Can’t Stop Won’t Stop With Winneteaux

Can’t Stop Won’t Stop with Winneteaux
Words and Photos by Spencer Harding

Years ago a housemate of mine came back from SXSW with a tale of this person who they met rolling around on a tall bike while playing the accordion.  He said, “I wish that kid from somewhere could be from LA.” Fast forward a year and Winn, the kid from somewhere, showed up on our doorstep. She had caught a ride back with some of my housemates on their way back from SXSW that year. So it had come true, the kid from somewhere had made it to LA.

For those of you who have been following along for a while, you may know that before all this bikepacking-cool-bike-stuff I used to build and ride freak bikes, in fact, up until recently a majority of my touring experience was done from the seat of a tall bike.  After college, I chance happened upon a warehouse full of freaks and bikes alike, it was the most beautiful place I had ever seen.  Winn had migrated to LA in search of the same place.

I have admired Winn as a fervent builder for years.  The best way I can illustrate my reverence is this story; once upon a time I built this ridiculous folding tall bike that I rode 2000 miles all over the Northwest . When I got home the frame snapped in half, turns out 1/2” conduit from Home Depot isn’t a good building material.  I rebuilt the frame non-folding, but the geometry was kinda awkward and I gifted it to Winn so she could fix it.  Her idea to fix it was to just welded an additional frame on the bottom of it and then tour from SF to LA on it.  That frame later became a weird amalgamation bakfiet and has now found its possible final resting place in rear part of the tandem on the fence in photo #11.  That crappy frame I poorly welded many years ago has lived more lives than I can count as almost every kind of bike imaginable.

We feature a lot of amazing framebuilders on this site, many are true masters of their craft, but with this piece I want to highlight something different, something as simple as welding a discarded 15mm wrench between two kids bike frames, three welds, and probably less than 10 minutes of work.  This amount of simplistic creativity can completely change a bike into something infinitely more silly and inspiring, that is the magic of Winn.  I have showcased a few of Winn’s creations here, mostly the ones that were easiest to drag out of the piles of bikes around the yard, from a little small tall to a 6 frame behemoth towering over the roof.  All of the bikes here are rideable and have been ridden. When we lived together Winn would regularly commute around LA on a 9 foot towering quadruple frame tall bike.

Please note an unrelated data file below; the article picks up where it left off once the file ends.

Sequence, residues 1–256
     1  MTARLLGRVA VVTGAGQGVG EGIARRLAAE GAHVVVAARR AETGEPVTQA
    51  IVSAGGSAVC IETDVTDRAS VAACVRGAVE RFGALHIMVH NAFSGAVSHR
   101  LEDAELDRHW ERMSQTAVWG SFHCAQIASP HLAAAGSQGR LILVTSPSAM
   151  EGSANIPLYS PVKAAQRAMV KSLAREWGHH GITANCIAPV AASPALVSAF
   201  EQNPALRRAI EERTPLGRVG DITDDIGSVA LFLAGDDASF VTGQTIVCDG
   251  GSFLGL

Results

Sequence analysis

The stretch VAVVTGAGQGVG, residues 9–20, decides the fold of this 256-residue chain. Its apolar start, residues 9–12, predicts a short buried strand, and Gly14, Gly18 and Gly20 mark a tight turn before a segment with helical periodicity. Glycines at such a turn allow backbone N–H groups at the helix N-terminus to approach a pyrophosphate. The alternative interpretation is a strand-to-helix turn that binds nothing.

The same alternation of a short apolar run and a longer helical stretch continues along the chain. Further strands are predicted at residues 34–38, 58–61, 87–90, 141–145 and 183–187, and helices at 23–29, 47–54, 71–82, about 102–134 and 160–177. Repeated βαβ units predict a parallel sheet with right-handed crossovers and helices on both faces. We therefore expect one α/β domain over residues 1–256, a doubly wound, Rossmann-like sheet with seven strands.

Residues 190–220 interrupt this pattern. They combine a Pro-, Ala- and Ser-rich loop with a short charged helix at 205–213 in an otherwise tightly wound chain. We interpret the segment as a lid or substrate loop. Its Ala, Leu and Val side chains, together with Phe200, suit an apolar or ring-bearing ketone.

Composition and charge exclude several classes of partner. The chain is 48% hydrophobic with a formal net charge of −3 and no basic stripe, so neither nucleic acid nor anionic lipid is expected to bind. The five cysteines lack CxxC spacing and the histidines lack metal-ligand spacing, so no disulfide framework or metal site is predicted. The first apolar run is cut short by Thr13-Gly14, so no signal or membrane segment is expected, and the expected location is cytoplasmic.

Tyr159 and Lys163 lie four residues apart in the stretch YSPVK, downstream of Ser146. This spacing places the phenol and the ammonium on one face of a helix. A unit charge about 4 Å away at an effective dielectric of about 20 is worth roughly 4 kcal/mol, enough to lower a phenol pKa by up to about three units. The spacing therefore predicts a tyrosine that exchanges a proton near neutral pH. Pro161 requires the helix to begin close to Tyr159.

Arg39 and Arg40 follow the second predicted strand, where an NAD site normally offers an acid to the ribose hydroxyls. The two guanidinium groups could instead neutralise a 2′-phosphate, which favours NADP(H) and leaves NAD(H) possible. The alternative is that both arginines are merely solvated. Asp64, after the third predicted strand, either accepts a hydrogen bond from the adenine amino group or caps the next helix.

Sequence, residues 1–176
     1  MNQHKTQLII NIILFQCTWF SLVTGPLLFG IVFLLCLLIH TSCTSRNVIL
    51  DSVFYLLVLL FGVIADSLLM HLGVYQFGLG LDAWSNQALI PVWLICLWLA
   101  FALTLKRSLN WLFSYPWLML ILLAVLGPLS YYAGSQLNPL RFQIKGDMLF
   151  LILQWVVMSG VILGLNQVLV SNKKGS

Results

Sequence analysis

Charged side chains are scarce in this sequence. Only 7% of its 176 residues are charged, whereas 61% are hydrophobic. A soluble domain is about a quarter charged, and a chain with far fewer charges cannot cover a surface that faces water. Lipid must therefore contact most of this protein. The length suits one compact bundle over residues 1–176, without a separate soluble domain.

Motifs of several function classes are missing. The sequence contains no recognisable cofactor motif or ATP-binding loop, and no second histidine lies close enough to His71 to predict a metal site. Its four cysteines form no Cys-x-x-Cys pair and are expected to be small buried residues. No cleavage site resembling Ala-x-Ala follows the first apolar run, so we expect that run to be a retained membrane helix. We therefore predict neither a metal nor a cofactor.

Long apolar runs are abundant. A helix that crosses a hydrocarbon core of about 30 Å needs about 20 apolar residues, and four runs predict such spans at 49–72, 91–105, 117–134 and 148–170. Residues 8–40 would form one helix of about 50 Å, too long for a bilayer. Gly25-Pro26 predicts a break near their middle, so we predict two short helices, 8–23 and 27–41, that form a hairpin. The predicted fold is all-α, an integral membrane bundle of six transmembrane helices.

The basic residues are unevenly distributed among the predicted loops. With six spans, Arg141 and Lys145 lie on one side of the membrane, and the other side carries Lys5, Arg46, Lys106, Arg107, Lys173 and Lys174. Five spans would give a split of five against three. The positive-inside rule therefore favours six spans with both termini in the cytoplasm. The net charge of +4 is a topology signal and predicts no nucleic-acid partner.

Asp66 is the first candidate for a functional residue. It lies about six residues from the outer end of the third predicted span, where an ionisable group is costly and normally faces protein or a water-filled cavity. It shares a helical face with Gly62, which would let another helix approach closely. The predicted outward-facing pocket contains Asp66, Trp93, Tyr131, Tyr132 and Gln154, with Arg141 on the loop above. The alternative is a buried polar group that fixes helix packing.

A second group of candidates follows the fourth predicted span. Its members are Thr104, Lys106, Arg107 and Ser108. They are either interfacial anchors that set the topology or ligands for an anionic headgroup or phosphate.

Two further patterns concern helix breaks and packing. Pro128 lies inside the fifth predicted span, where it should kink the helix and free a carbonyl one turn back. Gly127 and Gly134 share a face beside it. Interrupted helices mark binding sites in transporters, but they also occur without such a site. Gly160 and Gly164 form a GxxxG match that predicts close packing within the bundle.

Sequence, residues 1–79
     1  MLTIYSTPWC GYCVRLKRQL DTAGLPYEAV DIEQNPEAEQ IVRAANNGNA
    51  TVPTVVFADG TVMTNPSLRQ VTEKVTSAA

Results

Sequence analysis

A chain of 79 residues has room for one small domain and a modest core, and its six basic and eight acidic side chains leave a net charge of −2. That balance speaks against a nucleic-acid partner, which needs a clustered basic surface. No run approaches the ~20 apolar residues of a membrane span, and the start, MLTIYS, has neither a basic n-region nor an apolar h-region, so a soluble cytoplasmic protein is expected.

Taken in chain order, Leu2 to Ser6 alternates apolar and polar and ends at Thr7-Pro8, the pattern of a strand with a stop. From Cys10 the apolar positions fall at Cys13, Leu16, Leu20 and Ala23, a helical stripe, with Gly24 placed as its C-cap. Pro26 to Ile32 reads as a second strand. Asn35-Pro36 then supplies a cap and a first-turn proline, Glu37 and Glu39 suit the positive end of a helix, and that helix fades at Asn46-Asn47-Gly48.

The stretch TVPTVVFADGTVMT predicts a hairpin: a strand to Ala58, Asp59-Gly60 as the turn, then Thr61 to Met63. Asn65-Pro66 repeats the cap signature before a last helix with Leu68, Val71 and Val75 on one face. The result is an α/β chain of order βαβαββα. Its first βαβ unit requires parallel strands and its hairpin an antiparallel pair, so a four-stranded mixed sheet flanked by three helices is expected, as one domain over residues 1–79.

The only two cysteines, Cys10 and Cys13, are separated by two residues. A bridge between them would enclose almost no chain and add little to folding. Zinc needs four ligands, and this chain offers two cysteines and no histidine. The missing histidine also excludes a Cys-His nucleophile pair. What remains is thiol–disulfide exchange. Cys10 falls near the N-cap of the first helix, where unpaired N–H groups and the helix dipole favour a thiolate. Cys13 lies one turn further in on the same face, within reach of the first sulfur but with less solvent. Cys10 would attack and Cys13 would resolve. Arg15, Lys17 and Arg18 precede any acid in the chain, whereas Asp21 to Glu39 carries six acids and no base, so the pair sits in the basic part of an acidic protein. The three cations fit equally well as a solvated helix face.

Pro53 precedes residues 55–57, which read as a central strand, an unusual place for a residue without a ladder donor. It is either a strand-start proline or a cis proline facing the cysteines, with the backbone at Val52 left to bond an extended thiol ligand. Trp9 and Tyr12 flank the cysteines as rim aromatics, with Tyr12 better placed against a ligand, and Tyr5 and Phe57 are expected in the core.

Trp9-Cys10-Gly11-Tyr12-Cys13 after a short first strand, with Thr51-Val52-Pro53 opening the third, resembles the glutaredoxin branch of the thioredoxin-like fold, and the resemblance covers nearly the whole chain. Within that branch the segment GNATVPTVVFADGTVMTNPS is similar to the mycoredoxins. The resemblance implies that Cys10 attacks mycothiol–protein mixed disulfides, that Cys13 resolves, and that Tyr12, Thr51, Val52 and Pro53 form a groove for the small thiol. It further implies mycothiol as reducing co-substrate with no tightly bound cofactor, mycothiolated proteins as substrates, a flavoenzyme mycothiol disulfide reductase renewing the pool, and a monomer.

We’ll start with your standard double stack tall bike, even your cousin has made one of these.  This one has ultra-custom angled track dropouts and a coaster brake that isn’t even bolted on (safety 13th). It even has that classic High Sierra decor with chopped Bullmoose bars for you Rivendell nerds shaking your heads.

The smalltall, just two kids bikes welded together simply.  You don’t even need to move the drivetrain around on these, the top frame acts as a long seatpost extension.  Winn has a fleet of these around the yard, with every bike co-op being overflowing with discarded kids bikes the supplies are plentiful.  For the simplicity, they are some of my favorite of her creations.

This bike was a creation she made working and building out Burning Man, 6 frames high and at least double her weight.  If you will notice the multiple sets of handlebars on the front, which are used to steer the bike as she is climbing up, while rolling, to mount it.  After getting this behemoth back to LA she collaborated with David Cole to paint the whole bike.  Some of you may also recognize the crucified tall bike on the roof from the Crank Mob days or this ridiculous video.

And finally, my favorite bike I’ve yet to see Winn build, the scrap yard fixed gear.  Wrenches, lengths of chain, plumbing fixtures, and rebar, literally whatever was lying around.  This bike is a rideable pile of scraps and discarded junk.  The drive side fork leg made of out of a welded shut pipe wrench may be one of my favorite bike details EVER.

I’ve watched Winn go from a wayward pup on our doorstep to being one of the key members of the space. She continues to mold a magic world around her on bikes or otherwise. She has become a skilled builder with just about any medium, all of stemming from this wacky freak bike world.  She continually makes the silliest and most creative freak bikes and I’m always smiling ear to ear when I ride any of them.


Follow Winn on Instagram and follow Spencer on Instagram.